This Week at FDA: Agency starts diagnostics reform rulemaking, top Aduhelm-linked official retiring

This Week at FDAThis Week at FDA | 03 March 2023 |  By 

Updated 7 March 2023 to clarify what products FDA's guidance on potency assays for monoclonal antibodies applies to.
Welcome to another installment of This Week at FDA, your weekly source for updates – big and small – on FDA, drug and medical device regulation, and what we’re reading from around the web. This week, we learned that the agency is indeed moving forward with rulemaking to get diagnostics reform, a top official involved in the Aduhelm approval story is leaving, and more.
This week Bioworld reported that Elizabeth Hillebrenner, associate director for scientific and regulatory programs at FDA’s Center for Devices and Radiological Health (CDRH), said the agency is moving forward with the rulemaking process to ensure it can regulate laboratory-developed tests (LDT). Robert Califf, FDA commissioner has noted several times lately that the agency is hopeful that Congress will pass the Verifying Accurate Leading-Edge IVCT Development (VALID) Act, which failed last year. In the meantime, Hillebrenner told attendees at the American Clinical Laboratory Association annual meeting that FDA is moving forward with trying to produce a rule to regulate LDTs if all else fails.
According to the FDA, Billy Dunn, director of the FDA’s office of neuroscience, is retiring. The neuroscientist joined the agency in 2005 and became known for his involvement in the FDA’s decision to overrule the recommendation of its advisory committee to approve Biogen’s Alzheimer’s drug Aduhelm. Back in 2019, Dunn had an off-the-book meeting with Biogen’s head scientist that raised concerns about a potential conflict of interest.
Pfizer and GlaxoSmithKline’s respiratory syncytial virus (RSV) vaccines got the thumbs up from an FDA advisory committee this week. However, it may take several months before the agency decides on the matter. If approved, they would be the first vaccines for RSV on the US market.
On Thursday, twelve Democratic state attorneys general (AG) announced they are suing the FDA to force the agency to loosen restrictions on the distribution of mifepristone, which is used in medication abortions. The drug has been at the center of the reproductive health debate after the Supreme Court overturned Roe v. Wade. The AGs are accusing the FDA of singling out the drug and imposing particularly burdensome limitations on its distribution.
Drugs & Biologics
Fierce Pharma reported that Merck ended its last Keytruda trial to treat prostate cancer. The company launched an aggressive campaign in 2019 but now reports the drug didn’t add any survival benefit for metastatic castration-resistant prostate cancer (mCRPC) patients who hadn’t received prior chemotherapy. The PD-1 inhibitor also did not help ward off cancer progression.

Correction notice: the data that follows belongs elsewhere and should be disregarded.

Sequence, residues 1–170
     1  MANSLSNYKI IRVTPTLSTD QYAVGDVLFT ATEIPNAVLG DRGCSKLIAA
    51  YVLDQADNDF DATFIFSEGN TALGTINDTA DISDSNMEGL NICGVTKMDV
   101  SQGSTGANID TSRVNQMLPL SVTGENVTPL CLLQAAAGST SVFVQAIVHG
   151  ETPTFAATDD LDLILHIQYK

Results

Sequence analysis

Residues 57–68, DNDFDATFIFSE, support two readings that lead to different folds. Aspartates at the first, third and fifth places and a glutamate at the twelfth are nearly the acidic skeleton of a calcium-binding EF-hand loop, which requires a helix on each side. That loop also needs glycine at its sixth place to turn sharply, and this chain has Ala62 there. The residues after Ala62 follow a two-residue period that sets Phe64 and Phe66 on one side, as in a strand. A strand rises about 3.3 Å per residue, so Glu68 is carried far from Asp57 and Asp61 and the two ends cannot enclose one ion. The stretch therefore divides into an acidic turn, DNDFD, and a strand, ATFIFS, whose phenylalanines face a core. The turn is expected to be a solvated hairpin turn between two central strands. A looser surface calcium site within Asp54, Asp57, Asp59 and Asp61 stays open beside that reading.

An FDA advisory panel says it will review Merck and AstraZeneca’s application for the expanded use of their drug Lynparza to treat an advanced form of prostate cancer. The Oncologic Drugs Advisory Committee, or ODAC, will review the application on 28 April.
Sarepta won’t face an FDA advisory committee in its mission to get the first gene therapy approved for Duchenne muscular dystrophy. After a mid-cycle review of SRP-9001 with the agency, the company answered questions about chemistry, manufacturing, and controls, and regulators said they do not plan to hold an advisory committee. A decision on the therapy is due by May 29.
FDA described how CDER is advancing rare disease drug development through the Accelerating Rare Disease Cures (ARC) program in a web post published in conjunction with Rare Disease Day, 28 February.
The agency also announced  the release of draft guidance  on developing potency assays for monoclonal antibodies and other therapeutic proteins targeting viral pathogens. The guidance updates a previous version issued in 2021 to state the recommendations are applicable to antibodies and other therapeutic proteins outside the context of the public health emergency not just SARS-CoV-2.
This week FDA announced it has already enrolled four devices into its Total Product Lifecycle Advisory Program (TAP) pilot, which was created under the latest Medical Device User Fee Amendments (MDUFA V) deal. The advisory program was a major point of contention during negotiations between the FDA and industry; the sides ultimately agreed to a pilot program to test it before committing to a full program.
Abbott and FDA have sent letters to healthcare providers warning them that its Trifecta family of bioprosthetic aortic valves may begin deteriorating within the first five years of implantation. If they deteriorate it could require patients to get an earlier-than-expected replacement and in some cases, if left unaddressed it could lead to deaths.
FDA rejected a bid from Elon Musk’s brain chip company Neuralink to begin human trials. According to Reuters, the agency raised dozens of issues that the company first has to address including safety concerns about the device’s lithium battery, the potential for the implant’s wires to migrate to other areas of the brain, and questions over whether and how the device can be removed without damaging brain tissue.


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